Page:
Installing a deadbolt is something you can do yourself, and save yourself a whole lot of money. Handiwork is very easy, and with a little bit of knowledge, a small set of common tools, and a wee-bit of time, you will have the job done like a piece of cake. Yes, like a boss! Whether it is Schlage, Kwikset, Yale, August, Samsung or name it! This guide will work for you.
Installing a Deadbolt: Fairly Easy
- Hole saw drill bit
- Spade drill bit
- Twist drill bit
- Screwdriver (most locks use Phillips-head)
- Utility knife
- Patience 🙂
Step 1: Getting Ready
The first thing you want to do to install a door lock is to take a look at your door.
Is there a pre-existing hole? If not, no problem. Most deadbolt door locks come with a template that shows you where to drill and screw. Start by figuring out where you want the lock to go. Keep in mind, some digital door locks have handles that are a little bit below the lock itself; if so, figure out where you want the handle, and line the lock hole up accordingly. When attaching the template to the door, use a combo square if you can, to ensure proper alignment. Also use tape that won’t tear paint off a door.
Step 2: Drill That Hole!
After you have chosen the location and taped the template to the door, it is time to start drilling the hole for the locking mechanism. Now, use a hole saw that matches the size of the hole on the template. Start drilling slowly, applying even and firm pressure to prevent it from moving. After you have drilled through to the other side, it is time to drill the hole for the bolt. Using a spade bit, drill the hole for the bolt where the template shows. It should line up with the hole you drilled for the mechanism. Check your template, as some locks require a bolt hole to be extended on the far side of the mechanism hole. One important tip when drilling: always stop when the pilot bit comes out the other side of the door, then pull the drill out and finish drilling from the other side; this will prevent the drill from cracking the wood. After drilling the holes, look on the template for the screw-holes, and drill pilot holes in each spot with a twist a little bit that is smaller than the screws themselves.
Step 3: Setting Up The Latch Plate
Now that the holes are drilled on the door, it is time to install the latch plate. Line the bolt hole up with the latch plate, trace the edge onto the door with a pencil or utility knife. Chisel out this area so that the latch plate sits flush on the door. Start by using light taps of the hammer onto the chisel handle, to ensure you don’t go too deep. Now attach the latch plate onto the door by screwing it into the holes you already should have drilled pilots for. Note, you will have to insert the bolt before you screw in the latch plate.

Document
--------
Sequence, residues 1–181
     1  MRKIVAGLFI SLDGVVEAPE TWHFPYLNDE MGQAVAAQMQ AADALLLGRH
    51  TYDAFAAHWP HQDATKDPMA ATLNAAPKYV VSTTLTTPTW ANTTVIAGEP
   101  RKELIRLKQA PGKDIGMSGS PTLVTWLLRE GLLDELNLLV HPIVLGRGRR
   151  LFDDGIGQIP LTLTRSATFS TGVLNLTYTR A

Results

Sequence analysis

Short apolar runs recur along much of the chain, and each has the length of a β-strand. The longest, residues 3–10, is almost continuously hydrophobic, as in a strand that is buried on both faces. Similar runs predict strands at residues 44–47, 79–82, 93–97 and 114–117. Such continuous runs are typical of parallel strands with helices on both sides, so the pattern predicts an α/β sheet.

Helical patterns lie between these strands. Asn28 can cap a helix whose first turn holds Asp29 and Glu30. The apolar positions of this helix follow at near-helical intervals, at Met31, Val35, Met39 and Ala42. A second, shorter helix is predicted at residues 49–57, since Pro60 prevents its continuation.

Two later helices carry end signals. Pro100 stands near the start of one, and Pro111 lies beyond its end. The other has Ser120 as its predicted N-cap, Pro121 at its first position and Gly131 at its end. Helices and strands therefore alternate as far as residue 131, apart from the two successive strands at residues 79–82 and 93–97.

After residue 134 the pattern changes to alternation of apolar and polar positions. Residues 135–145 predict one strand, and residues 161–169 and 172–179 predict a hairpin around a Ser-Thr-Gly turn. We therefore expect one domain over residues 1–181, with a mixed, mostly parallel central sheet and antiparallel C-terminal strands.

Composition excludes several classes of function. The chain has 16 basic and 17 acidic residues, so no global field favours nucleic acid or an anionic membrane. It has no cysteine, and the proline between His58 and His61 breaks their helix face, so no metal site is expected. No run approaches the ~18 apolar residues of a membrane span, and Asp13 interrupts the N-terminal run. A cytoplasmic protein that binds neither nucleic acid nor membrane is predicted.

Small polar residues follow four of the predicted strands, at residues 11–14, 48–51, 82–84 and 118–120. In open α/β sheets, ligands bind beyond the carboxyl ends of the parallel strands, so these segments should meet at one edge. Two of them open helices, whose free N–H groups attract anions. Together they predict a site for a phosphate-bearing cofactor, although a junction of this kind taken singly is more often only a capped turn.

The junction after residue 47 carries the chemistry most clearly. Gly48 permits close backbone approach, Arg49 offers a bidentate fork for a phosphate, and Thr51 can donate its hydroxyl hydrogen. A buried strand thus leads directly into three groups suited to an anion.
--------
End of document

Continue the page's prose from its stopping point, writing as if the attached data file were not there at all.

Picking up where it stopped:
Step 4: Fitting The Strike Plate
The next step is to install the strike plate. The strike plate usually has 3 pieces, a strike frame reinforcement, a box for the bolt, and the strike plate itself. Lining up the bolt correctly with the hole you need to drill for the strike plate is very important. After you have done this, mark with a pencil where the screws will go for the reinforcement plate. Next, you want to mark where the screws will go for the strike plate; the screws for the strike plate usually also screw into the bolt box.
Now, using a spade drill (large enough for the bolt box), drill a hole deep enough to ensure it goes in, with about a 1/4 inch extra. The next step is to trace the outline of the reinforcement or strike plate, and chisel a hole onto the frame to insert the 3 pieces, ensuring that they fit flush. After this, screw in the reinforcer plate, then screw in the bolt box and then the strike plate.
Step 5: Putting The Lock In Place
Now it is time to attach the lock mechanism itself. This part is rather simple. Many electronic deadbolts have wires that connect the front of the lock to the back. Feed the wires from the front through the hole, and connect. Attach the axle that activates the bolt. Now, holding the front piece up, attach the rear piece, and screw them both together, making sure the screws are in tight. This should be it.
One final thing to do is to check the door over. Make sure the bolt on the door lines up with the frame. Make sure the lock works before while the door is open; the last thing you want is to lock the door while it is shut, and then find out it doesn’t unlock. When everything is good and works properly, it is time to start enjoying your new door lock.
KINDLY WATCH THE VIDEO TUTORIAL BELOW FOR LIVE STEPS:
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